Pro Perspectives 11/27/23





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November 27, 2023

We're almost through Q3 earnings.  As we discussed heading into earnings season, Wall Street was looking for another contraction (albeit slight) in S&P 500 earnings, and (confusingly) that was in a period during which the economy was hot, growing at about a 5% annualized quarterly growth rate. 
So, the stage was set for positive surprises.  And positive surprises tend to be good for stocks.   
Indeed, we've had a better than average number of companies reporting positive earnings surprises, for a blended year-over-year earnings growth of better than 4%.
And over the past six weeks, since earnings season kicked off with the big banks, stocks are up 4% (S&P 500).  And it's broad based.  The equal-weighted S&P is up 4.5%.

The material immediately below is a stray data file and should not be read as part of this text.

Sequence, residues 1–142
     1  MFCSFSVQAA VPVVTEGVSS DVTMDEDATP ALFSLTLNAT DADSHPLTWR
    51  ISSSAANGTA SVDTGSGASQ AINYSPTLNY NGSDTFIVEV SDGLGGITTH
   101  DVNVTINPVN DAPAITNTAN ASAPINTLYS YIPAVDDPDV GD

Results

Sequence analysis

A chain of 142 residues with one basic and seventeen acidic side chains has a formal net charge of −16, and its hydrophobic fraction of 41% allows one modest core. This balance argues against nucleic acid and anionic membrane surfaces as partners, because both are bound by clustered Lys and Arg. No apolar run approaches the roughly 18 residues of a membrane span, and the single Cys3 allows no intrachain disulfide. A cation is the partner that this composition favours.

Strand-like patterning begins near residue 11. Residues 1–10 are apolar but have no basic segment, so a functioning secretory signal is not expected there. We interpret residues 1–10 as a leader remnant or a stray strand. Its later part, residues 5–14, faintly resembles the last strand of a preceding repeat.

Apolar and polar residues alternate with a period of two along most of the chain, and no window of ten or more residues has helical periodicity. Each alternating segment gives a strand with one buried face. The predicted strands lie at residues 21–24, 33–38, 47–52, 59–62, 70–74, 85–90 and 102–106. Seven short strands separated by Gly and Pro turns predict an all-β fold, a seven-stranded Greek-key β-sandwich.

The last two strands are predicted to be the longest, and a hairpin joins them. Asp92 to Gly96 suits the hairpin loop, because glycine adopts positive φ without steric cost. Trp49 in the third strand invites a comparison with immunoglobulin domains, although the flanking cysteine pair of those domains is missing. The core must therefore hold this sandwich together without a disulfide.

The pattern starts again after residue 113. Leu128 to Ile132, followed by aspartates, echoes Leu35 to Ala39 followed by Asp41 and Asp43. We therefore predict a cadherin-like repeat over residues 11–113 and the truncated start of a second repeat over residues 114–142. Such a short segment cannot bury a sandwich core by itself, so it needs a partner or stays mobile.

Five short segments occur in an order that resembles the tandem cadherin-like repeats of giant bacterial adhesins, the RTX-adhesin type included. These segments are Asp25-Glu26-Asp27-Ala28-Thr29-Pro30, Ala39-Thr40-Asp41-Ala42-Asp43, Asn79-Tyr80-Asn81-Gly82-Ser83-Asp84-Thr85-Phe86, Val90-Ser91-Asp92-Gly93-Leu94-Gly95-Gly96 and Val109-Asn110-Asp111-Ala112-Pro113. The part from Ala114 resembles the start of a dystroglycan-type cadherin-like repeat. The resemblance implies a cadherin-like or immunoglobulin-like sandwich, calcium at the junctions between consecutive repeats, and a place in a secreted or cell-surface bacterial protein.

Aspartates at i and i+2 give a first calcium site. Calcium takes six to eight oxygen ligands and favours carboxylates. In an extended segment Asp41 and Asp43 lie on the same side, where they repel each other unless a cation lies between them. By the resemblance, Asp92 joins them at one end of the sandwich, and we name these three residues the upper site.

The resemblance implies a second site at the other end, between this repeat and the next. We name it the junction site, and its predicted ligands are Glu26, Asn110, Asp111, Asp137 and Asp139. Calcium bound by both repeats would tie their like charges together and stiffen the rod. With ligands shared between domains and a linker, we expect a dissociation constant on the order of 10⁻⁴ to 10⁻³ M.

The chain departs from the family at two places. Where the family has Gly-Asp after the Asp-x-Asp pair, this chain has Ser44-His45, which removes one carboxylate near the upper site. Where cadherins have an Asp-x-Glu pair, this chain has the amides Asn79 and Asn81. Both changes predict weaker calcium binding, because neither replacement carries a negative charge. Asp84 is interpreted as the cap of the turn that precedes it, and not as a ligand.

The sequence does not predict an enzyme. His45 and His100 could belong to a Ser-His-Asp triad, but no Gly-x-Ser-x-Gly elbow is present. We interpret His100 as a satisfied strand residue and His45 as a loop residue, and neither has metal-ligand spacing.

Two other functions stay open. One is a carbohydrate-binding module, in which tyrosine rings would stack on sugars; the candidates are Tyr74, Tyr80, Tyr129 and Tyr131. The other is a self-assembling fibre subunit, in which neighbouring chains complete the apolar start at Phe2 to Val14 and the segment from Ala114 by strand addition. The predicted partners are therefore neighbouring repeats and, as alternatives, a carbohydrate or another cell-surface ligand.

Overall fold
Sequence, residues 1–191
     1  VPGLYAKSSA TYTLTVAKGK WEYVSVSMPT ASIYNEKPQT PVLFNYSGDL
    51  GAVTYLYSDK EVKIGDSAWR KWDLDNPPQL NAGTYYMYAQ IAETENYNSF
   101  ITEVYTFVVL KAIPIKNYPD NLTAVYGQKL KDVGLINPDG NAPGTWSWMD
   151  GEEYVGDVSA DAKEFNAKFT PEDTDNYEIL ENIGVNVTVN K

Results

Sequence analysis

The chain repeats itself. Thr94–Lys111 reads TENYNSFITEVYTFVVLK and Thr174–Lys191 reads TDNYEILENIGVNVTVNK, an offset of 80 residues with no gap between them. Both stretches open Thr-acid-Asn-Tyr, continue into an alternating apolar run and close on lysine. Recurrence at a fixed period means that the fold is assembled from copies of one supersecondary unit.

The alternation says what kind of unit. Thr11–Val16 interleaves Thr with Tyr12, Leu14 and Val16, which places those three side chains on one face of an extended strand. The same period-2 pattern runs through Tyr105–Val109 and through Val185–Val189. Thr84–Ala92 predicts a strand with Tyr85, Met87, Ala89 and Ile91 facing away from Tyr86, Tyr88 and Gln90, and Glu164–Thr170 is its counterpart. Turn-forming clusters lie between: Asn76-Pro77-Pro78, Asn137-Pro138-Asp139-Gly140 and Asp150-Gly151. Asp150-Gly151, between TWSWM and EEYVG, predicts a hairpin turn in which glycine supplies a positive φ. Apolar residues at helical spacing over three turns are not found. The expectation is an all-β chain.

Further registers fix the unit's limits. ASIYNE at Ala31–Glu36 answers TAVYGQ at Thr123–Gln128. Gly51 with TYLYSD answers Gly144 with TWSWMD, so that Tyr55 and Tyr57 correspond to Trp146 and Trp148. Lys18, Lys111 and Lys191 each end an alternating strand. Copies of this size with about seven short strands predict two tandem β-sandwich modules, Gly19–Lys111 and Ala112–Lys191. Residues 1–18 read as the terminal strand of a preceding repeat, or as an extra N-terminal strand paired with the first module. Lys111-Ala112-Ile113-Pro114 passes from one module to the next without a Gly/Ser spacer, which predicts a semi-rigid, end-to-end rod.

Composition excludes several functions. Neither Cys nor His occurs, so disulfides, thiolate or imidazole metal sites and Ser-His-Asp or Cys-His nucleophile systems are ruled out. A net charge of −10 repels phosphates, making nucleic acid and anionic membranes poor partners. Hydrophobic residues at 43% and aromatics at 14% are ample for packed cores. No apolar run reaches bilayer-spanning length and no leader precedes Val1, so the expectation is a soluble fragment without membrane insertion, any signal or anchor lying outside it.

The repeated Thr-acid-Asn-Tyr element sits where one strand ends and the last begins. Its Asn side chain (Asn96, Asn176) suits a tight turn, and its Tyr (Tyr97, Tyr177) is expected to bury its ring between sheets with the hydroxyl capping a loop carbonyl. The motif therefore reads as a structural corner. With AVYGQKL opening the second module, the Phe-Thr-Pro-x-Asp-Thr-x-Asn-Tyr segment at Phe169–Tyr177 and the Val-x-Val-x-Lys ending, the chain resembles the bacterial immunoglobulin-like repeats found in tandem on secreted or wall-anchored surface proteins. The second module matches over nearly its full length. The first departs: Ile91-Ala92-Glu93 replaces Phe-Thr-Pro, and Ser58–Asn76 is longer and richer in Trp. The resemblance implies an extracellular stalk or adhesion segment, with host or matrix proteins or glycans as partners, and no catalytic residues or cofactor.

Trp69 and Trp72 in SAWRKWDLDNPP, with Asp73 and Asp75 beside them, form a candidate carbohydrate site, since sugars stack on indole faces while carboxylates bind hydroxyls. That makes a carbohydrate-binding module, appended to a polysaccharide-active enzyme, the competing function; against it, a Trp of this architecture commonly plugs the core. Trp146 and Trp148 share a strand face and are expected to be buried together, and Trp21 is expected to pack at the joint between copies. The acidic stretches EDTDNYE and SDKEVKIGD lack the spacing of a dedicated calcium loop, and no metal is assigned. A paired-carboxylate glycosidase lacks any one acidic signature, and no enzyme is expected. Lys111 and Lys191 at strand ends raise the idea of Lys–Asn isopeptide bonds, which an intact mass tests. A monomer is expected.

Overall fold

Of course, the Fed has a considerable influence on this outcome for stocks.  A few days into earnings season, Jerome Powell signaled the end of the tightening cycle in a discussion at the Economic Club of New York.  That "signal" immediately materialized in the interest rate market, with this technical reversal pattern in the 2-year yield (an outside day).
Similar reversal patterns followed over subsequent days, in the 10-year yield, the largest corporate bond ETF (LQD), and the largest government bond ETF (TLT).
Now, we get October core PCE on Thursday, the Fed's favored inflation gauge.  Will it derail the conditions we discussed above?  Highly unlikely.  
It's expected to come in at a 3.5% year-over-year rate of change.  That will increase the "real interest rate" (the difference between the Fed Funds rate and inflation) to 200 basis points, which further tightens financial conditions. 
And with that, as we've discussed over the past few weeks, as inflation continues to go the Fed's way (i.e. continues to trend lower), the Fed will have to cut rates aggressively next year.